Re: [tcpm] New I-D

Mahesh Jethanandani <> Fri, 20 July 2007 00:21 UTC

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Date: Thu, 19 Jul 2007 17:21:28 -0700
From: Mahesh Jethanandani <>
Organization: Cisco Systems Inc.
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To: John Heffner <>
Subject: Re: [tcpm] New I-D
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John Heffner wrote:
> Mahesh Jethanandani wrote:
>> Context is the draft - 
>> John Heffner wrote:
>>> As proof of concept, I wrote up a simple script (I think only about 
>>> 30 lines of python) that used the TCP ESTATS MIB to monitor 
>>> connections, and kill off ones making no progress while consuming 
>>> the most memory. This proved an effective defense against netkill, 
>>> and I think would solve the problem described in the draft as well.  
>>> It would be easy enough to write a kernel thread to do the same if 
>>> the system doesn't do ESTATS.
>>>   -John
>> John,
>> The issue with Netkill or any other application trying to kill 
>> connections is that they cannot distinguish between connections that 
>> are held up because of network issues where packets are getting 
>> dropped and connections that are in persist state because the client 
>> refuses to open the zero window. TCP can distinguish between the 
>> connections and determine which ones need to go. Wouldn't you agree?
>> m/
> That's going back a ways.  I think I've paged the original thread back 
> in to memory. ;)
> It may be important to distinguish between recovery and persist (the 
> ESTATS MIB will do this).  I mention netkill because it is pretty 
> effective at running the attacked system out of buffer memory without 
> using the persist state.  I think a more general defense is better 
> located at the operating system level (either a daemon or in the 
> kernel), since that is the point where resource contention is resolved 
> and policy enforced.
> Thanks,
>   -John
General defense - yes. Operating system can enforce a maximum number of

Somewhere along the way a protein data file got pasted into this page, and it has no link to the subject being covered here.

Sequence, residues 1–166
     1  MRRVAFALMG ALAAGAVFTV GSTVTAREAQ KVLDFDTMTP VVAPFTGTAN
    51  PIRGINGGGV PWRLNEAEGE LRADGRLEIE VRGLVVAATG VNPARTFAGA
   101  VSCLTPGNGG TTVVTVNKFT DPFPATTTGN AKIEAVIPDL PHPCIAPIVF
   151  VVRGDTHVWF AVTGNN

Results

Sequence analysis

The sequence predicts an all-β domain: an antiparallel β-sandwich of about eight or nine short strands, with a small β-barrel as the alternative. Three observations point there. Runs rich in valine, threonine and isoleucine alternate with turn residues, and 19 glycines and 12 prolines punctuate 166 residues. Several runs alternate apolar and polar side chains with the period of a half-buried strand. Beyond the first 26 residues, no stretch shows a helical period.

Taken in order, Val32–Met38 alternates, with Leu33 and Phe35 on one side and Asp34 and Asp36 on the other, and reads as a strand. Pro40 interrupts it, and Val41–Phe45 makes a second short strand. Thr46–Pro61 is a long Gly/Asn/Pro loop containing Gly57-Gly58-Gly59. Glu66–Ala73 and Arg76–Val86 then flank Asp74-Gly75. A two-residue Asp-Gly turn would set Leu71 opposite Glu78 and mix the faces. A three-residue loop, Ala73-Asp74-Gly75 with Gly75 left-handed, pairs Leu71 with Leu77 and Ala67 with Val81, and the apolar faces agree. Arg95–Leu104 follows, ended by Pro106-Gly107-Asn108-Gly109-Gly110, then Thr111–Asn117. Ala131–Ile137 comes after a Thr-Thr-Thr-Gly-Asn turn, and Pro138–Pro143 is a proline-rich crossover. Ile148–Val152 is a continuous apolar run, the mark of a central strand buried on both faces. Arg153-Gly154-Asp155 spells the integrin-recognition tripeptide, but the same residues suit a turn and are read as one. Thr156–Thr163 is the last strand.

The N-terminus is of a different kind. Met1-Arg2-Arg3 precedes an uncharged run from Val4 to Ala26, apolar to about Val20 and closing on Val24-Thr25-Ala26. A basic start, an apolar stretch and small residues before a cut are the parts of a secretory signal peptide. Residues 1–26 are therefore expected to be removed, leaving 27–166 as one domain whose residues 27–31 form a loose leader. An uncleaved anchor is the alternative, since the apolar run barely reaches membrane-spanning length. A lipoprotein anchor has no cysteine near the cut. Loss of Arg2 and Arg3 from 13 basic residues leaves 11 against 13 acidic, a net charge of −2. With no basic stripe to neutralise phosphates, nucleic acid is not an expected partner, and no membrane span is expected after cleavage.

resource allocation to TCP to prevent it from exhausting all the 
buffers. Let us further assume that the operating system enforces a per 
connection buffer utilization count.

Now suppose one was to write a resource contention daemon or do this as 
part of the kernel. What would be the information it would need? It 
would need per connection buffer utilization, how long the buffers have 
been on that connection, what is the state of the connection (assume it 
gets it from the MIB, which BTW gets it from TCP), how many times the 
connection has entered or exited this condition (in case someone is 
trying to fool the system), information that is part of TCP. So you can 
peek into the TCP connection table, extract all the information needed 
to make the determination or let TCP manage the buffers that it has 
borrowed from the operating system and is ultimately responsible for.

Without that intimate knowledge of each connection, I can think of at 
least two scenarios that can stump an operating system.

    * Large number of connections with one buffer each in persist
      condition, where the total number of buffers exceed the amount set
      as the upper limit set by the operating system. Without the OS
      knowing that the connection is in persist condition AND for how
      long (after all you do not want to whack a connection just because
      it entered persist condition), how does it determine if the
      connection should be torn down or not.
    * Fewer than a large number of connection mentioned above each in
      persist condition, where the numbers are short of the max. buffers
      per connection but the total number of buffers by all connections
      exceeds the max. count set by the OS for all of TCP. Now the
      sender can run out of buffers sooner and with fewer connection setups.

This all assumes that TCP always runs as part of an operating system. Is 
that assumption always true?
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